The transformation from Garden City to Silicon Valley reflects Bengaluru’s struggle with sustainable development. Historical reliance on community-managed tanks and wells has shifted towards piped water, neglecting traditional water conservation methods. The increasing per capita water consumption further illustrates the shift in consumption patterns, highlighting a broader societal inclination towards materialism.

Groundwater depletion and urban planning

Reports indicate that Bengaluru faces significant water scarcity, with many borewells drying up. The reliance on over-exploited groundwater, combined with inadequate public water infrastructure, forces residents to depend heavily on water tankers, escalating costs.

Urban expansion has outpaced the city’s planning and resource allocation, leading to overexploitation of groundwater. The reduction in green cover, essential for groundwater recharge, has worsened the situation. Initiatives such as digging new borewells are seen as short-term solutions that fail to address the underlying issue of groundwater depletion.

Land-use changes in Bengaluru city

policy circle image

                                                                                                                                                                                                      Source: Indiaspend

Water stress: A global problem that’s getting worse

policy circle image

The ecological impact of Bengaluru’s water crisis is also significant, affecting biodiversity and ecosystem services. The decline in water bodies and green spaces within the city limits has led to a loss of habitat for various species and disrupted natural water cycles. Moreover, the pollution of lakes and rivers with untreated sewage and industrial waste compounds the environmental crisis, indicating a need for integrated environmental and water management strategies.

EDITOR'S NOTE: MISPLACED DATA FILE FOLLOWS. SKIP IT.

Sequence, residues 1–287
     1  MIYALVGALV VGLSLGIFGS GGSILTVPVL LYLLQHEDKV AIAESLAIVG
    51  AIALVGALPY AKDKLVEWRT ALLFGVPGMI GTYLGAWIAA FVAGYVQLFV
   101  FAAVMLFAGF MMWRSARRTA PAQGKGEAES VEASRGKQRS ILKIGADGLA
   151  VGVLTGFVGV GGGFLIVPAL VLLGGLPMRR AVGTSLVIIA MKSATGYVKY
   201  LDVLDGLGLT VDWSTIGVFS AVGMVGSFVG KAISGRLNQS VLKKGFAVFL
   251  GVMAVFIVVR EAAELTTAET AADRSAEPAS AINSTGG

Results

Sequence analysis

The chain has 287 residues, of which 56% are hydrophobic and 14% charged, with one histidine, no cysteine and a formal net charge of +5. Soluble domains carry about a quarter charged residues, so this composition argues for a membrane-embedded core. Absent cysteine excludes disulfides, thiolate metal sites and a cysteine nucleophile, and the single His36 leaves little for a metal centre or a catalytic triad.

Sustainable water management

Integrated water management strategies can mitigate the crisis. These includes enhancing rainwater harvesting, promoting wastewater treatment and reuse, and improving public infrastructure. Addressing non-revenue water losses through infrastructure overhauls and promoting efficient water use are crucial steps.

Civic engagement and community initiatives play a crucial role in addressing the water crisis. Grassroots movements and local organisations are increasingly involved in water conservation efforts, including lake rejuvenation projects and awareness campaigns on water saving. These community-led initiatives not only contribute to immediate relief but also foster a culture of sustainability and responsible water usage among the urban population.

Sustainable urban planning, emphasising water-sensitive design and policy improvements, is essential. Initiatives to revive traditional water management practices and diversify water sources can provide long-term relief. However, these efforts require coordinated action from government, civil society, and the private sector to ensure water security and sustainable urban development in Bengaluru.